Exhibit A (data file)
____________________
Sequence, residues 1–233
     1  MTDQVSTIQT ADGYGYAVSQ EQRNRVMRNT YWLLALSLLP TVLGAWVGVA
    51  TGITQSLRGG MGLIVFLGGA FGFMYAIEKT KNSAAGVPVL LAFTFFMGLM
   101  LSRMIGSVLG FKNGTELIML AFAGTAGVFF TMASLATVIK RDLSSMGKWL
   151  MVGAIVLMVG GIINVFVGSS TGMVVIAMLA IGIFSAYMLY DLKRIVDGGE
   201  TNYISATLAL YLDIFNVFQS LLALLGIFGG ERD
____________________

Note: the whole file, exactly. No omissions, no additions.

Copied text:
Sequence, residues 1–233
     1  MTDQVSTIQT ADGYGYAVSQ EQRNRVMRNT YWLLALSLLP TVLGAWVGVA
    51  TGITQSLRGG MGLIVFLGGA FGFMYAIEKT KNSAAGVPVL LAFTFFMGLM
   101  LSRMIGSVLG FKNGTELIML AFAGTAGVFF TMASLATVIK RDLSSMGKWL
   151  MVGAIVLMVG GIINVFVGSS TGMVVIAMLA IGIFSAYMLY DLKRIVDGGE
   201  TNYISATLAL YLDIFNVFQS LLALLGIFGG ERD